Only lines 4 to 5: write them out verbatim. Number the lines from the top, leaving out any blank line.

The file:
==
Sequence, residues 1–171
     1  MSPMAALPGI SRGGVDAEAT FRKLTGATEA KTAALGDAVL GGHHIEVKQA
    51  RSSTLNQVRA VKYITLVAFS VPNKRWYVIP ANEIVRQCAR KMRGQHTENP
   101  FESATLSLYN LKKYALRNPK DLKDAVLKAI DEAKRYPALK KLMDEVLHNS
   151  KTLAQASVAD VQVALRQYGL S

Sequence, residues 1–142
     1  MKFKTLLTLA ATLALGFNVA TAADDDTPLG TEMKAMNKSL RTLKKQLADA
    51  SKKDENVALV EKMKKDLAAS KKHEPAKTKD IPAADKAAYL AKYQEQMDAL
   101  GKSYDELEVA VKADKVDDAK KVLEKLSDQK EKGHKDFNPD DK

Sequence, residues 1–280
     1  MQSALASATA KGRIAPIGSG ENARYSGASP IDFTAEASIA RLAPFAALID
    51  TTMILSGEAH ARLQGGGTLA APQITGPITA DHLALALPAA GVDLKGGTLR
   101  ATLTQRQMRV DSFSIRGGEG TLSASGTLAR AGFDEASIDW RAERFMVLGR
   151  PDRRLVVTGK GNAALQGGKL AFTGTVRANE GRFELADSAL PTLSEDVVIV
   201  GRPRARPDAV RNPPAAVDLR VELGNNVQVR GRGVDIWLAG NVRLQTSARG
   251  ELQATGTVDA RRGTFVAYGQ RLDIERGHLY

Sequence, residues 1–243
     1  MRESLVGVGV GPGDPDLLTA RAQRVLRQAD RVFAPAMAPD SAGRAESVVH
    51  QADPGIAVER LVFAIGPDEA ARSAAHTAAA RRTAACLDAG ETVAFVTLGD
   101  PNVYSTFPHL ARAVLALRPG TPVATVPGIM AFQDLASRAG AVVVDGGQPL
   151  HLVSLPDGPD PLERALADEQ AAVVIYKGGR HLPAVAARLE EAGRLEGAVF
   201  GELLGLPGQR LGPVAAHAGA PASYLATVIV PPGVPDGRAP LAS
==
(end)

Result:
   101  FESATLSLYN LKKYALRNPK DLKDAVLKAI DEAKRYPALK KLMDEVLHNS
   151  KTLAQASVAD VQVALRQYGL S